Prior to the pandemic, Lazy Dog Restaurant & Bar began thinking about new revenue channels to offset labor challenges within the casual-dining sector.
For CEO Chris Simms, that meant taking advantage of the chain’s large kitchens, which are about 2,500-square feet. Over the next two years, Simms wanted to develop a delivery-only brand and frozen “TV dinner” meals for diners to cook at home.
But when the pandemic hit in March, those long-term ideas quickly moved to the front of the line.
TV dinners debuted during the peak of the pandemic when meal kits and family meals were high in demand during stay at home orders. This week, Lazy Dog debuted its first virtual brand, Jolene’s Wings & Beer. The menu, available for delivery and pickup, can be found on third-party delivery apps like Grubhub and DoorDash. The company is using its 39 restaurants as dark kitchens for the menu.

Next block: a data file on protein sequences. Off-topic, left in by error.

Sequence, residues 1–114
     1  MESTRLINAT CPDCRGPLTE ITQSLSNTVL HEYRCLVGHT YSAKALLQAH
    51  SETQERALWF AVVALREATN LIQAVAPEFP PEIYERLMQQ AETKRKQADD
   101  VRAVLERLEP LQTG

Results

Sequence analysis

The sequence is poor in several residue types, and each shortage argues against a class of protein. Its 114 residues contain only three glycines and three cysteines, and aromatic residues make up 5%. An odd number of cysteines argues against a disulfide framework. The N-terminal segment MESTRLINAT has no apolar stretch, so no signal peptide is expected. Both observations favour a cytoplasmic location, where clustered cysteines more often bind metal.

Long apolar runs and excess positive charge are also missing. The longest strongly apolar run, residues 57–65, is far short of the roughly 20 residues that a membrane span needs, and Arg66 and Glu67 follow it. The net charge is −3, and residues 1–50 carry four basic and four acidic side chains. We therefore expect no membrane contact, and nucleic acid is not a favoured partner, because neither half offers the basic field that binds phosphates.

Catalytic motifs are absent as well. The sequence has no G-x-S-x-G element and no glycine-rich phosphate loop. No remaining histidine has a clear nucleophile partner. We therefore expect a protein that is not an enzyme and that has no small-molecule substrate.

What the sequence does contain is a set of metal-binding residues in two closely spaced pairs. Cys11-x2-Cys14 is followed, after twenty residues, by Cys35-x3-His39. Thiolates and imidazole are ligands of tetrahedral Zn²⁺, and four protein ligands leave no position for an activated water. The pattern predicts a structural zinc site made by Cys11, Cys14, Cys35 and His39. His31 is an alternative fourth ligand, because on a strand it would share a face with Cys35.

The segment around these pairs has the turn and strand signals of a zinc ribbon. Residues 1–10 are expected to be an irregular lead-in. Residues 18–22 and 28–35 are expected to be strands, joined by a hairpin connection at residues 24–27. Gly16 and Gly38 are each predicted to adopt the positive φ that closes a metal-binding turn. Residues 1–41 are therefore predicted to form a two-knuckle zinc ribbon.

“The pandemic basically just encouraged us to do all of the things that we had in our strategic plan over the next couple of years but [instead] pulled all of it forward into 2020,” Simms said during a recent phone interview with Nation’s Restaurant News.
The Southern California-based casual-dining concept, which made NRN’s Top 200 list for the first time this year, is entering a crowded space. Jolene’s joins a tidal wave of virtual brands that have emerged during the pandemic – developed by a range of operators from indie restaurants to celebrity chefs to national chains…